Bay East has been operating under licence from Leonard Joel (LJ) and therefore might have been expected to go to Mr Tim Goodman alongside LJ.
The licence, however, has only a short term (two years) to run and the Joel name is still a long way from being established in Sydney and it would not surprise if this were not renewed.
The acquisition of Bay East by Sotheby's Australia also surprises, writes AASD's special correspondent, in that the announcement of the Sotheby's deal stressed the new investors' keenness to identify with the high end of the market.
Bay East specialises in the lower end.
The strategy suggests the new investors are very anxious to have a conduit for the occasional higher value stock that is so precious on today's market that comes in with the normal dross of a general auction house.
This stock has not always been sifted out, however, in the Sotheby's group especially at Leonard Joel in Sydney, where only last year The Flower Seller painted by British painter Henry Kennington (1888-1960) estimated at $1800 to $2500 was sold for $48,000, and in Melbourne, against a similar modest estimate Max Oppenheimer's Still Life for $158,600 *
Companies under pressure of high debt (Sotheby's Australia was so identified by a report to the New Zealand Stock Exchange by Mowbary Collectables in November) cannot always be broken up on the best laid down plans and principles.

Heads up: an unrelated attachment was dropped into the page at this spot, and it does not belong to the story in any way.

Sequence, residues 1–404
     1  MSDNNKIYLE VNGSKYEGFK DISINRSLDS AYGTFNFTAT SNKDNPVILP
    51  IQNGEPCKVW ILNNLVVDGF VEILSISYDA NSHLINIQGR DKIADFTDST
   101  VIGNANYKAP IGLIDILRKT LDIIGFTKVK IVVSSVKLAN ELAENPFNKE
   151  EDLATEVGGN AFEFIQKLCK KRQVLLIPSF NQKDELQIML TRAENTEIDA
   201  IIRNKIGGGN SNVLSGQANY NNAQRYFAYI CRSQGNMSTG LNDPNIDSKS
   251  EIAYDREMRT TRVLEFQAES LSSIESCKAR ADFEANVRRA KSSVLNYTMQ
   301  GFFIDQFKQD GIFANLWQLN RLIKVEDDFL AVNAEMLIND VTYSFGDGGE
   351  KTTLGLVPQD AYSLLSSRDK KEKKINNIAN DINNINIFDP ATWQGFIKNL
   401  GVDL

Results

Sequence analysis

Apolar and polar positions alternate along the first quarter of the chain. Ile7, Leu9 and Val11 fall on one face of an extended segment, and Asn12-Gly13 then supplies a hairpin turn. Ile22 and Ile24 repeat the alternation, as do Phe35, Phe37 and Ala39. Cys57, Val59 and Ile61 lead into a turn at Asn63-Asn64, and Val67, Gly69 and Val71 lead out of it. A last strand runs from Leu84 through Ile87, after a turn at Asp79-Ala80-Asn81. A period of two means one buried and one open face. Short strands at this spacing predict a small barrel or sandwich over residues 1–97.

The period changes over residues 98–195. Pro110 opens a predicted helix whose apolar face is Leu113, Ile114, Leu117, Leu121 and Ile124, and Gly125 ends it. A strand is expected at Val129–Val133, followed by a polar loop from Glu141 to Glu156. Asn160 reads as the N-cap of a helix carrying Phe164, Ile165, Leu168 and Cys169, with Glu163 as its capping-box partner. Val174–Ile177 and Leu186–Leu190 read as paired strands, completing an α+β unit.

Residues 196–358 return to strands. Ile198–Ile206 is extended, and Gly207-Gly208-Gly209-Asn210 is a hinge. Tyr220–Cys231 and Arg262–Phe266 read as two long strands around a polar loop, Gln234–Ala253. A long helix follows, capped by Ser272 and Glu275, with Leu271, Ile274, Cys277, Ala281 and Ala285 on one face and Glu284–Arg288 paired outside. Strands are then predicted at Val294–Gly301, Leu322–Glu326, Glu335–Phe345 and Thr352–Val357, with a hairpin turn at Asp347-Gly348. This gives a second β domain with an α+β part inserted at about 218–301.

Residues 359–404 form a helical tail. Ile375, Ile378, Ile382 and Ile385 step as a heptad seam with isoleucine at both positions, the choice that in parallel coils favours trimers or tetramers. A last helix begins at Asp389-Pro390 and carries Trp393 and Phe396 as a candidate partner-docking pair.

The new arrangements incidentally mean that while the happily Sydney-resident Mr Goodman may be occasionally auctioning for Sotheby's Australia and its associate Bay East in Sydney his principal stake in the auction industry will now be in Melbourne.
Devoted to his Sydney family, and statedly selling out for lifestyle reasons, he may have to do a bit of travelling to Melbourne where FEAH in which he has a 65 per cent interest, has an interest of two thirds of Joel's.
Both Joel's and Bay East appear to have been trading exceptionally well so it is in one way no wonder the new investors should look to keep an interest in at least one of them.
The cash flow is good even if the turnovers are small.
Bay East has, however, has also been run very successfully by one of Mr Goodman's most loyal supporters, Ms Anne Phillips, and it is hard to imagine the operation without one or both of them involved in some way.
Leonard Joel is also professionally managed by John Albrecht who has a one third equity in the property and also employs Warren Joel, so room for executive or other pro-activity will be much restricted.
Re-branding of Bay East has caused some unnecessary confusion along the way but the site from which Bay East now operates, after a few years in Waterloo, is rooms long identified with Mr Goodman.
But then venturing up market to "national" art auctions two decades ago Mr Goodman seems long to have sought to go posh.
His acquisition of Sotheby's Australia in October 2009 was the result of an ambition that went back to the musty storeroom of F R Strange's auctions where he began his career.
Yet he has appeared just as happy pottering around at the lower end, boasting of the high clearances at Bay East. Even through confusion of the re-brandings Bay East, its name reflecting the suburb, Double Bay, where it was born, has continued to be haunted by Mr Goodman's persona.
Returning last year from Waterloo, Bay East has returned to the old fire station continuously occupied by Goodman's and adjacent to premises which where it started in an old Woollahra council chamber depot and where the council's garbage trucks used to park.
Hot to identify with the top end of the market, the new investors in Sotheby's, who include the very loyal-to-Goodman, Mr Sam Cullen, obviously also believe that old Yorkshire maxim that there is money in muck, even at one remove.